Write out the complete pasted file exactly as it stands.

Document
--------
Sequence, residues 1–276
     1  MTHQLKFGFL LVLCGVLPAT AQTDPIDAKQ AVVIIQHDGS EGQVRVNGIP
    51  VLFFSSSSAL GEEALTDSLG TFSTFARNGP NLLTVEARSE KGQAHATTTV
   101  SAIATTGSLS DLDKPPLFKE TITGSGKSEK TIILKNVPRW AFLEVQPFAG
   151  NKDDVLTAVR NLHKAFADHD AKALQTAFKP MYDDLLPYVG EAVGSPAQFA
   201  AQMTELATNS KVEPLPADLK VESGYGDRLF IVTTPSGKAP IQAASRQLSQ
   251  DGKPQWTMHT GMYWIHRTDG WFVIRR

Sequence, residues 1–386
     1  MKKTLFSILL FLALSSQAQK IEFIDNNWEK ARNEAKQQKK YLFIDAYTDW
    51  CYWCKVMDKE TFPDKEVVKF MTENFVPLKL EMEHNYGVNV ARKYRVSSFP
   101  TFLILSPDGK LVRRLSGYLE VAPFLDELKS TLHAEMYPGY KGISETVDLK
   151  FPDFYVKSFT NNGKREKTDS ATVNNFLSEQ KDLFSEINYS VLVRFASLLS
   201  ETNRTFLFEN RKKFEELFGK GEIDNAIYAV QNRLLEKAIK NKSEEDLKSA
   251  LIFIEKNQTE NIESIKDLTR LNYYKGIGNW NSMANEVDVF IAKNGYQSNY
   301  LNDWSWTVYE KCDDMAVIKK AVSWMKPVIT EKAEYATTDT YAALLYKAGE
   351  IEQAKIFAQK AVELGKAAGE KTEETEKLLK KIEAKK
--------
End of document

Sequence, residues 1–276
     1  MTHQLKFGFL LVLCGVLPAT AQTDPIDAKQ AVVIIQHDGS EGQVRVNGIP
    51  VLFFSSSSAL GEEALTDSLG TFSTFARNGP NLLTVEARSE KGQAHATTTV
   101  SAIATTGSLS DLDKPPLFKE TITGSGKSEK TIILKNVPRW AFLEVQPFAG
   151  NKDDVLTAVR NLHKAFADHD AKALQTAFKP MYDDLLPYVG EAVGSPAQFA
   201  AQMTELATNS KVEPLPADLK VESGYGDRLF IVTTPSGKAP IQAASRQLSQ
   251  DGKPQWTMHT GMYWIHRTDG WFVIRR

Sequence, residues 1–386
     1  MKKTLFSILL FLALSSQAQK IEFIDNNWEK ARNEAKQQKK YLFIDAYTDW
    51  CYWCKVMDKE TFPDKEVVKF MTENFVPLKL EMEHNYGVNV ARKYRVSSFP
   101  TFLILSPDGK LVRRLSGYLE VAPFLDELKS TLHAEMYPGY KGISETVDLK
   151  FPDFYVKSFT NNGKREKTDS ATVNNFLSEQ KDLFSEINYS VLVRFASLLS
   201  ETNRTFLFEN RKKFEELFGK GEIDNAIYAV QNRLLEKAIK NKSEEDLKSA
   251  LIFIEKNQTE NIESIKDLTR LNYYKGIGNW NSMANEVDVF IAKNGYQSNY
   301  LNDWSWTVYE KCDDMAVIKK AVSWMKPVIT EKAEYATTDT YAALLYKAGE
   351  IEQAKIFAQK AVELGKAAGE KTEETEKLLK KIEAKK